Bird Watchers | Migratory Travels and Travel Stories

Ottawa, ON

Awards & Nominations

Bird Watchers has received the following awards and nominations. Way to go!

Local Peoples' Choice Winner
Global Nominee

The Challenge | Migratory Travels and Travel Stories

Pick a migratory species of your choice and build a tool that shows the distribution of their available habitats, and track their sightings in real time!

Operation: MIGRATION

Operation Migration is an Android App geared towards bringing birdwatchers and scientists together to build a database of bird sightings using machine learning and pictures submitted by citizen scientists.

Bird Watchers

Project Description:

As part of understanding human impact on the environment, scientists are very interested in tracking and analyzing a variety of species, including birds.

Until recently scientist would have to manually tag birds to track their migrations. With the communication boom that came with the internet and smartphones scientists can now leverage an already existing community of dedicated birdwatchers to track birds with far greater efficiency. For example, the Cornell Lab of Ornithology allows users to submit bird sightings as a means to increase the data available for scientists [1]. Our application expands on these ideas by creating a simple android application that facilitates data collection.

Birdwatchers love to capture pictures of birds in their natural habitats, trekking through sunshine or rain. With this application, birdwatchers are able to take pictures of birds they spot, and upload them directly to a server along with the GPS location. Our server uses machine learning algorithms to identify the species of bird, and creates a record of that bird in the database. This greatly enhances the user experience, because the user does not need to be able to recognize the bird to expand the database. Users can then view, on google maps, pictures of birds taken by other people. Ultimately, as the dataset grows, the app would allow scientists to analyse migration patterns.

Our application uses the open source TensorFlow software to identify birds. This software uses machine learning to analyze patterns in the images and train itself to identify birds. Starting from a default dataset that comes with TensorFlow, we were able to train the algorithm using a subset of the Caltech-UCSD Birds 200 image dataset [2] to improve the accuracy of bird identification. With further training, the system should be able to identify a wider variety of birds with a greater accuracy. Currently the server returns the bird with the highest percent match to the user, along with the next two closest matches.

Our current implementation uses rudimentary search algorithms to allow users to search the database. For example, searching with the letter “a” will give all birds whose species name begins with the letter “a”. Over time, the search parameters could be expanded to conduct searches over specific areas and time periods. This will enhance the ability for scientists to analyze the data.

Team Members:

Abdulwahaab Ahmed

Abdulwahaab is a second year computer science student at the University of Ottawa. He is currently working as a security DevOps intern at Shopify. He started programming when he was 8 years old, since then he has been so passionate about programming. Later on he discover his passion for cybersecurity. In his spare time he likes to work on side projects, or play cybersecurity CTF.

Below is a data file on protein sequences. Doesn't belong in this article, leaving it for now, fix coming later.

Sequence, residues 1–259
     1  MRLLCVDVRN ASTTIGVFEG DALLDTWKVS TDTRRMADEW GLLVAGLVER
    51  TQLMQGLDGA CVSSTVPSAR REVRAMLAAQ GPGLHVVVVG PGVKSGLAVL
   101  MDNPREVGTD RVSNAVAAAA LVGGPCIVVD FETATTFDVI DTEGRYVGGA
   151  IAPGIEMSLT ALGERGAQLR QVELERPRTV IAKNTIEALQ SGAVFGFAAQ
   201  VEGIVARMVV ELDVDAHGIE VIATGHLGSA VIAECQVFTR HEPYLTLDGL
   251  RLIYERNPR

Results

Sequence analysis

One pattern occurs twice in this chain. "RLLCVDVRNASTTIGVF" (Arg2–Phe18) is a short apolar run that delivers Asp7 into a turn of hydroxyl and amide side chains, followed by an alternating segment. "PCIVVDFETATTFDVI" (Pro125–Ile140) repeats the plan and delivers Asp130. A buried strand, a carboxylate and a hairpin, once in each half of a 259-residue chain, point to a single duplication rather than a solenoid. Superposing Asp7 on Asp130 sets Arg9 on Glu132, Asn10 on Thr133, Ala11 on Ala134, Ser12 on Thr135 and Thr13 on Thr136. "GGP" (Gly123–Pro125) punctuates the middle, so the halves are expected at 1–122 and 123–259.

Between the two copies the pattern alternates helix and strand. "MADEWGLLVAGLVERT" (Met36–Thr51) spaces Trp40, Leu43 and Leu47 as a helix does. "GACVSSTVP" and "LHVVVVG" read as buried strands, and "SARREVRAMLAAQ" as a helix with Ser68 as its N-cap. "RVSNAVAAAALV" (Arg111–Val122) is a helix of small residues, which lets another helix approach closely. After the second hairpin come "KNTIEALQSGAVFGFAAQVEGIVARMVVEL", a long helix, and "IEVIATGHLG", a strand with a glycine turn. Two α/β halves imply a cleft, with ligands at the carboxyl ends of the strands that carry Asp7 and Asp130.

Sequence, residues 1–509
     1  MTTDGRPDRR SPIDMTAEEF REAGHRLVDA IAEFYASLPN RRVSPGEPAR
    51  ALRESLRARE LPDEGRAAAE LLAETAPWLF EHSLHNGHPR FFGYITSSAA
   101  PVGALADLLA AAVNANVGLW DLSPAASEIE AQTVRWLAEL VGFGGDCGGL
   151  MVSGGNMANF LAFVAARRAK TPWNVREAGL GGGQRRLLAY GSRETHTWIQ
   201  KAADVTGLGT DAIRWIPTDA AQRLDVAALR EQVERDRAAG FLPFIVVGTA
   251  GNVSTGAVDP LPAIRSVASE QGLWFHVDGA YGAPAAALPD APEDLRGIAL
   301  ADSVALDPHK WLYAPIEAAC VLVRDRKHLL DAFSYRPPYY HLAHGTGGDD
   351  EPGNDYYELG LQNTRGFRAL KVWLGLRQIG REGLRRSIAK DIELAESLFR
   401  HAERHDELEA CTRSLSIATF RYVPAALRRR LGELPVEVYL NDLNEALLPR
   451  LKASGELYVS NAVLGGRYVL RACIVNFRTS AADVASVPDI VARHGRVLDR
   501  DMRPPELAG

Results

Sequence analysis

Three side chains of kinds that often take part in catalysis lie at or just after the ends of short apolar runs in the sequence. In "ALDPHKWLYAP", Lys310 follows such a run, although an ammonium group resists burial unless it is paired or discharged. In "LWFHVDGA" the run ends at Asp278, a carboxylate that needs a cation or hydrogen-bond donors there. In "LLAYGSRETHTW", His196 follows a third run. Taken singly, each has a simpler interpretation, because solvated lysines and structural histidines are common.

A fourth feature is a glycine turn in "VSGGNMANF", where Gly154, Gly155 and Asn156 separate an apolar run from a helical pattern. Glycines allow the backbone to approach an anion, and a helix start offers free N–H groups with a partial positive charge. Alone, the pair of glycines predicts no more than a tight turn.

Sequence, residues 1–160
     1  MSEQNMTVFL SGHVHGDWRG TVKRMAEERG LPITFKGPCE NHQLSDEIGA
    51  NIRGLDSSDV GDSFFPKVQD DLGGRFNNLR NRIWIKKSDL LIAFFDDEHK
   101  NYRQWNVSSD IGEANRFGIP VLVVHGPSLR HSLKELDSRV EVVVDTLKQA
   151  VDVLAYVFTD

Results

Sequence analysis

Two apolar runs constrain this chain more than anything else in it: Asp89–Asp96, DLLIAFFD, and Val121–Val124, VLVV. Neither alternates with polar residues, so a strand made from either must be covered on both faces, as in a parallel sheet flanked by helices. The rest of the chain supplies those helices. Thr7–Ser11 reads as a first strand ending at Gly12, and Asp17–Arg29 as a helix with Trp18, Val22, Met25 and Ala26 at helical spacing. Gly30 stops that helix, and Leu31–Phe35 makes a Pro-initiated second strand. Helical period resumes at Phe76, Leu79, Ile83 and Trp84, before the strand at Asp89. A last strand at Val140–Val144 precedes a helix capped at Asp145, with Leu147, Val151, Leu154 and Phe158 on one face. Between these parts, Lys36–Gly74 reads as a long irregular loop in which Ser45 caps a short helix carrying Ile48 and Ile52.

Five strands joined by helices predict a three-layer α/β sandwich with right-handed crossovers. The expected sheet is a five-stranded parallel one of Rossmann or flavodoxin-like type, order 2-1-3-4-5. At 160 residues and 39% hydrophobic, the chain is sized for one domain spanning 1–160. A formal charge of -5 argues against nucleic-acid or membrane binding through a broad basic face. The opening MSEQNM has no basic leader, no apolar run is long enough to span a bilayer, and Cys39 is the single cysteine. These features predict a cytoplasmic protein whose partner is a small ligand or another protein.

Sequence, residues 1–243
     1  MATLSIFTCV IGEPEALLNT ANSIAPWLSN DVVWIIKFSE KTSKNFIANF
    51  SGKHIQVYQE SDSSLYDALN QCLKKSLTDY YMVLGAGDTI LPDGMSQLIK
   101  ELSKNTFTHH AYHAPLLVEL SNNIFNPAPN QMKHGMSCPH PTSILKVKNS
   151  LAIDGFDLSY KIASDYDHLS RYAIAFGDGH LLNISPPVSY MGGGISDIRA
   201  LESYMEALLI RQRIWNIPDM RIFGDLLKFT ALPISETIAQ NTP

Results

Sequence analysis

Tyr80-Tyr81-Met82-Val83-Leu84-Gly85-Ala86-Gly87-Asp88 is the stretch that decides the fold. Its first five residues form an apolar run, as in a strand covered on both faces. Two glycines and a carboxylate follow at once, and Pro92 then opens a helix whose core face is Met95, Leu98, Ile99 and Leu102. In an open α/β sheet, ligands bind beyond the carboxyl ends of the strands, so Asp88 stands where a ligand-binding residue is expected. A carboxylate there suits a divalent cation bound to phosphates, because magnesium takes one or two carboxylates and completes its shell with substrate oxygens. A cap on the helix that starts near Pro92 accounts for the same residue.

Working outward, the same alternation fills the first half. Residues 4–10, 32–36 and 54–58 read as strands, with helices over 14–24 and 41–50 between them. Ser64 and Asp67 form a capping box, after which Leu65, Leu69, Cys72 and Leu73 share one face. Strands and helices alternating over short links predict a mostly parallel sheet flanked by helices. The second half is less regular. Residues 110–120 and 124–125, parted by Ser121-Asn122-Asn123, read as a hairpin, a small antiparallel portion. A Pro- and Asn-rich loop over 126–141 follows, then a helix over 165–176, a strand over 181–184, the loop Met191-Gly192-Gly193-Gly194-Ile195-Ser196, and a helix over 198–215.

Vikram Bomhbi

Vikram is a second year software engineer at Carleton University. He has always been fascinated by space, joining the Carleton Planetary Robotics Club as a freshman. He loves everything new in tech from machine learning to the new microprocessor. His fascination of space is in part due to the ingenious ways engineers and scientists solve problems and dreams of being part of that process one day.

William Wang

William is a grade 10 student at Colonel By Secondary School. In his spare time he likes doing cross country running and track and field. His favorite subject is mathematics.

Michael Dysart

Michael is a second year software engineering student at Carleton University. He currently works as a software development intern at KX Labs in Ottawa. He is also a member of the Carleton Planetary Robotics Team, where he helps build rovers for international competitions. In his spare time he enjoys running and spending time with friends.

Resources Used:


-Android Studio


-Google Maps API






Video Editing:

-Adobe Premier

-Adobe Photoshop

A mock dataset was created for the purposes of the demonstration using fictional GPS coordinates. Pictures for this dataset were found at [2].

The photo of the Indigo Bunting was found at [3].

The video used the “Action hero” music from the Youtube Audio Library [7].

Video Icon Credits:

Android Icon:

Designed by Pixel perfect from

Oculus Rift:

Designed by Freepik from

Map Icon:

Designed by Vectors Market from

Github Links:




[1] “What We Do Citizen Science”,, 2017. [Online]. Available: [Accessed: 03-May-2017].

[2] Welinder P., Branson S., Mita T., Wah C., Schroff F., Belongie S., Perona, P. “Caltech-UCSD Birds 200”. California Institute of Technology. CNS-TR-2010-001. 2010.

[3] D. Scranton, “Indigo Bunting.”, Flickr, 2012. [Online] Available: [Accessed: 03-May-2017].

[4] Pixel Perfect, “Android”, Flaticon, [Online] Available: [Accessed: 04-May-2017].

[5] Freepik, “Oculus Rift”, Flaticon, [Online] Available: [Accessed: 04-May-2017].

[6] Vectors Market, “Map Icon”, Flaticon, [Online] Available: [Accessed: 04-May-2017].

[7] “Action Hero.”, YouTube, [Online] Available: [Accessed: 04-May-2017].

SpaceApps is a NASA incubator innovation program.